Callum's fear fought to overtake the drug induced euphoria. There was a war going on in his central nervous system. He dropped the cup and it smashed on the wooden floor. "You gave me opium? You drugged me?" He tried to stand but his legs refused.
"Relax, Callum. It was a very small amount. It won't debilitate you."
He tried standing again but lost his balance and fell. The redhead picked him up and placed him back in the chair. "Don't be afraid. I want to give you something, Callum. Something special."
The panic that had started like a tiny dance in his heart escalated to a stampede. He'd been so preoccupied with his ego that it never occurred to him this man might be a danger. He felt very small. He was Jack, and he'd climbed up the wrong beanstalk.
The jeweler pulled a red velvet box out of his robe. "I want to give you something, Callum. But it's not my dick, and I've no plan to harm you, so would you please calm down? Your thoughts are like daggers."
Callum stared into the lavender eyes. "You've been reading my mind," he mumbled. "What are you? Fortune teller?"
Laughter bellowed from the redhead like drums. "Something like that." He placed the box on the table between them.
Callum stared at him. "Are you like...you know," he slurred. "One of those medieval festival dorks who like..." He twirled his hand, completely stoned. "Who like, you know, pretend they're really knights and fucking...um, kings and shit?"
The redhead grinned, lavender eyes twinkling. "No. I am not."
The opium had taken ownership, giving him warmth and confidence. "So tell me, Red. Or whatever your name is. Are you gonna read me my future?"
The velvet giant shook his head. "My name is Larr, and I'm not going to read your future. I'm going to give you your future. If you want it." He picked up the red box and pulled a necklace out. "It's a good luck charm."
Callum collapsed into laughter, sliding off the chair. "Oh my Christ. Oh mother. That is priceless. Say it again. No I mean it! Say it again. A good luck charm...that's hysterical."
The giant frowned down at him. "You don't hold your drugs very well."
Callum grinned up at him. "I'm a bit of a lightweight," he whispered. "Not my proudest....attribute."
"Take a look." The giant held out the necklace.
Callum stood up with effort. He took the thick chain and studied it. Not quite silver, not quite gold, it looked dirty, like an antique that needed a soak. Its heaviness surprised him. "What's this made of? Steel?"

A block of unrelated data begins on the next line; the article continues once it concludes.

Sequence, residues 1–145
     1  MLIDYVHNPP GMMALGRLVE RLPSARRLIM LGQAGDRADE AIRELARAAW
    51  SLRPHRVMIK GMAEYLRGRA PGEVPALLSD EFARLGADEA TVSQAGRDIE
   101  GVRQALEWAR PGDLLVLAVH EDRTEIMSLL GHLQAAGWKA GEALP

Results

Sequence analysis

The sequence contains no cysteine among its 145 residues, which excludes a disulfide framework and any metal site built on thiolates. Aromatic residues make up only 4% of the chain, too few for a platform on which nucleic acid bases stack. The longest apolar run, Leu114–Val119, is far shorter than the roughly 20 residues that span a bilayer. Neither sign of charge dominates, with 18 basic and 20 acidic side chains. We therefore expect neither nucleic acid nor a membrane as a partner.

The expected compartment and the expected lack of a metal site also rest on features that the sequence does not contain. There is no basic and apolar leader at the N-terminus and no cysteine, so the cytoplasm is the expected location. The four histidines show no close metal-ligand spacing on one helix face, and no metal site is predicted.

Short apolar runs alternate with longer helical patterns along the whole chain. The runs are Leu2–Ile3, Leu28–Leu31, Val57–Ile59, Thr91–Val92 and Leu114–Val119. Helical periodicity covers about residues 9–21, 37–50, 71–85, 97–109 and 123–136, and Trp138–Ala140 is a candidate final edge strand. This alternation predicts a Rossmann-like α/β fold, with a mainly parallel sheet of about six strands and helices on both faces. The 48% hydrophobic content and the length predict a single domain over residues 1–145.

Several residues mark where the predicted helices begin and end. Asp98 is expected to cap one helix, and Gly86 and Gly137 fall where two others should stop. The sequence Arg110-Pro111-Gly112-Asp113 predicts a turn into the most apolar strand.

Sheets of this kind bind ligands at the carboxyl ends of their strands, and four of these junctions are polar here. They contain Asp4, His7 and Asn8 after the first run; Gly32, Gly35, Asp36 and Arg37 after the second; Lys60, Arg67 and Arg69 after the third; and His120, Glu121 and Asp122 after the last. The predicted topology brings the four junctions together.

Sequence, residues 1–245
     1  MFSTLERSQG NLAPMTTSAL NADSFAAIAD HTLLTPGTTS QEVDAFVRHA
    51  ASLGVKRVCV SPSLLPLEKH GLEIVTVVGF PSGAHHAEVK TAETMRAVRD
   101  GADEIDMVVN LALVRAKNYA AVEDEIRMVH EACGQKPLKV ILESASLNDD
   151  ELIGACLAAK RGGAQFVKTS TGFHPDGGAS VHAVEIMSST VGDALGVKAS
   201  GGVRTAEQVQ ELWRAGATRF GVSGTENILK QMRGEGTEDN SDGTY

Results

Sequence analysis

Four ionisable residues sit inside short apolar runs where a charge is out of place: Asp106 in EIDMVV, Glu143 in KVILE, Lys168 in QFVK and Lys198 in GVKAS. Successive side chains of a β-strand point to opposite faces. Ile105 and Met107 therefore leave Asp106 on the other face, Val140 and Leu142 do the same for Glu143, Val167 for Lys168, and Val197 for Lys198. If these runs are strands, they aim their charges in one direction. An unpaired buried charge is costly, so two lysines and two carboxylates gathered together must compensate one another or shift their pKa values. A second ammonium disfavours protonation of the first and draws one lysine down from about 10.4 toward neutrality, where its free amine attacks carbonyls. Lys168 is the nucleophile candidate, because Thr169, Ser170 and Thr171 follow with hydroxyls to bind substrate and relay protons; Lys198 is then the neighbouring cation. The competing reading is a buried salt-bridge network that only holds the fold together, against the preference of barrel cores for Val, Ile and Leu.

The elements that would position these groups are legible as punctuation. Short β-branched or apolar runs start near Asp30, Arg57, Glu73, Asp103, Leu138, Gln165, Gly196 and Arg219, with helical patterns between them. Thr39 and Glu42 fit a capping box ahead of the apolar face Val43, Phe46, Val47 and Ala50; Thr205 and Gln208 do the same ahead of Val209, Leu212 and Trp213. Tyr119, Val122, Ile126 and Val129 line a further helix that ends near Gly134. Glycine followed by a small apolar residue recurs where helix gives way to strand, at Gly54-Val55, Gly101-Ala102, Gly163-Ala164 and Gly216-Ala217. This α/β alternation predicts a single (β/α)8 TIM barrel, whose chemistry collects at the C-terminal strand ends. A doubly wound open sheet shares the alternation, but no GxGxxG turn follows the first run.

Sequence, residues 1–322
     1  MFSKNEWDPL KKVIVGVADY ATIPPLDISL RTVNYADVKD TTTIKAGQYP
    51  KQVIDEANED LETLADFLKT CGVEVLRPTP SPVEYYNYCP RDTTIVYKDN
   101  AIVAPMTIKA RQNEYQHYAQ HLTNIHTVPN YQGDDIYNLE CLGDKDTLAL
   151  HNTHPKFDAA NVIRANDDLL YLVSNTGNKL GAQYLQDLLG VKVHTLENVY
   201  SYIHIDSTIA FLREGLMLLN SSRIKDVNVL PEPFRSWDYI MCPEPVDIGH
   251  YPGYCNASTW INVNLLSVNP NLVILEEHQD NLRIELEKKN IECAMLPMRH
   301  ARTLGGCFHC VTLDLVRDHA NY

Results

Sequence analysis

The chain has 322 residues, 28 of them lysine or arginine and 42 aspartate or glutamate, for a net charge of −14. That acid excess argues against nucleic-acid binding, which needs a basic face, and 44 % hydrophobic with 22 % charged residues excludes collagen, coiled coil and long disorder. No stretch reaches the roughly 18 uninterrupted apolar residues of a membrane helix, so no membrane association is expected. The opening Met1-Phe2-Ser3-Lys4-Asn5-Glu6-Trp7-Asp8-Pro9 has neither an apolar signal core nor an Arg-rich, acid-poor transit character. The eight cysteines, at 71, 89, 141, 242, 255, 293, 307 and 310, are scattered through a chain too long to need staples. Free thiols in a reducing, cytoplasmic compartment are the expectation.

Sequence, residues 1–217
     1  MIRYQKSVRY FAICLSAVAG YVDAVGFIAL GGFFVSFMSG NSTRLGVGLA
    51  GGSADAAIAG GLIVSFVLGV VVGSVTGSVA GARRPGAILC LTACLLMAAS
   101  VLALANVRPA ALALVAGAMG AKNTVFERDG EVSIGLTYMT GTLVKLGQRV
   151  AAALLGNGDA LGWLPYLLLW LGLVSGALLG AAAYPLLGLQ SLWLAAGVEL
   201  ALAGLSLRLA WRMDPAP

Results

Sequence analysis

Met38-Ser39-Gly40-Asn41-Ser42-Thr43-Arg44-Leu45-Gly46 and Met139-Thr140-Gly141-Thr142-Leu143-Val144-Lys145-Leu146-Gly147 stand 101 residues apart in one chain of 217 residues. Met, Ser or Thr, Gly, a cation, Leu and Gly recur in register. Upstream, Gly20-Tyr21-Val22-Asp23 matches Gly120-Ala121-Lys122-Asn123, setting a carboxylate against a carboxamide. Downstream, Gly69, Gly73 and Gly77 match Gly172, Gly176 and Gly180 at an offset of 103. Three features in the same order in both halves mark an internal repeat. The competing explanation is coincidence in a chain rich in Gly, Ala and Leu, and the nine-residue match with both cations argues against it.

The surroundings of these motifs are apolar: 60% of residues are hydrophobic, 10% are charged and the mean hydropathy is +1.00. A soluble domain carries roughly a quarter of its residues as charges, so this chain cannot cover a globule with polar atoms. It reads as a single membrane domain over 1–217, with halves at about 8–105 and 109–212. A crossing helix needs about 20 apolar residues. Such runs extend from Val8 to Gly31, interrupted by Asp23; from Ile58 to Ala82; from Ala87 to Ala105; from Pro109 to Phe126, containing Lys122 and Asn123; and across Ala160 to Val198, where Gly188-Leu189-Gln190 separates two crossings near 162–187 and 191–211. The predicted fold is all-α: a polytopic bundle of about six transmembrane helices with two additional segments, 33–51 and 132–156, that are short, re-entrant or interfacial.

"Something like that."
Callum examined the tiny red stone that hung from the chain like an afterthought. It was a delicate red teardrop, smaller than his thumbnail. The dainty and beautiful charm didn't even vaguely match the crude metal chain upon which it hung. He became mesmerized, wanting to crawl inside of all the redness and swim around.
The big redhead touched his shoulder, startling him out of his hypnotic tangent.
"Do you like it?"
Callum handed it back. His head was starting to clear, the buffer of the drug weakening. "I don't want your fucking necklace, Lurch. Sorry, but I'm weird about people drugging me without my consent."
"I'm sorry about the opium, Callum, but it was necessary. If you're going to accept this gift, you need to do...see something that will make you understand what you're accepting. It can be a jarring experience without a bit of pharmaceutical help."
Callum pointed at him. "You're a freak."
The giant raised the necklace. "You don't believe I'm sincere."
"Go fuck yourself, psycho, I'm outta here."
Callum stood and found that his legs agreed to hold him this time. He felt stupid, wandering away from his asshole friends only to end up shacked up in this wagon with a mentally unstable jeweler. He lunged for the curtain but the stranger grabbed his shirt and yanked him back, slamming him into the seat. Callum gasped. The redhead loomed over him like a tower of flesh.